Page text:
For example, I'm keen to look at the LW/MW opsin gene, which can exist in a tandemly repeated array of up to 1-14 copies. I thought that I could just do a search in my newly produced FASTA file for the first 50 bp of the gene, and look at the number of nearby hits, but by the sound of it, I can't do that easily. That can't be an unusual use-case.

Thanks again, Yan

ADD REPLYlink written 5.4 years ago by hyanwong70

Well, part of the issue is that you really need to pool multiple different analyses of the personal genome to be able to do this. For example, samtools and GATK won't give you information about CNVs (i.e., they won't tell you about opsin repeats). There are other programs that can do that (but they don't call variants), but that's an obvious limitation to your current route. Similarly, looking at inversions and such requires yet another program...

ADD REPLYlink written 5.4 years ago by Devon Ryan95k

Cheers. So if I can't do this easily with an arbitrary personal genome, is there any way to display e.g. extra opsin repeats, or possible locations of Epstein-Barr (which as I understand isn't in the reference seq) in well-known genomes such as James Watson, or Venter's HuRef?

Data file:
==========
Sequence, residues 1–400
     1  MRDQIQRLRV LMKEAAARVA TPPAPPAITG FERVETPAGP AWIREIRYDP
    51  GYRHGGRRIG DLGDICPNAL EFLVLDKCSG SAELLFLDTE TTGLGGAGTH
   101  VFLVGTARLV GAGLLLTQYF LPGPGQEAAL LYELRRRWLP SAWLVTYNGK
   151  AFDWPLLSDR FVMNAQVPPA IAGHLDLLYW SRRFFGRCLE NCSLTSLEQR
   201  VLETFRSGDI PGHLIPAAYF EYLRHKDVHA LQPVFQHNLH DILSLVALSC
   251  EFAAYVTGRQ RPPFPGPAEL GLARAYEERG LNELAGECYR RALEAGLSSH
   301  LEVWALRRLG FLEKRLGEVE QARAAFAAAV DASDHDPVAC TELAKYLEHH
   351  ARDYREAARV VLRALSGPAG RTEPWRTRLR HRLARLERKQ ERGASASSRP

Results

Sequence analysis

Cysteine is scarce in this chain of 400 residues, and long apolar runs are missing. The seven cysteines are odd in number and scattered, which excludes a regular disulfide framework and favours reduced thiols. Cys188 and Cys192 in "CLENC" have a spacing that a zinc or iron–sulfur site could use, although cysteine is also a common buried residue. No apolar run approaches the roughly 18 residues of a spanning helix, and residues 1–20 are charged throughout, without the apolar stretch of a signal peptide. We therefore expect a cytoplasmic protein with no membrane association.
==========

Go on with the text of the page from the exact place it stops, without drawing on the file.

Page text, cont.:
ADD REPLYlink written 5.4 years ago by hyanwong70

It depends on whether someone has done the analysis for those yet. If so, then yes it's possible. BTW, regarding opsin repeats, you're more likely to just get a total number of repeats rather than their exact location with sequence (since getting this would be quite difficult).

ADD REPLYlink written 5.4 years ago by Devon Ryan95k

Hi,

Maybe you should do a simple liftover of your annotation on your new genome using this kind of tool : http://www.biomedcentral.com/1471-2105/15/227.

ADD REPLYlink written 5.4 years ago by Juke344.1k

Interesting, thanks.

ADD REPLYlink written 5.4 years ago by hyanwong70
Please log in to add an answer.

Help
Access

Use of this site constitutes acceptance of our User Agreement and Privacy Policy.
Powered by Biostar version 2.3.0
Traffic: 1360 users visited in the last hour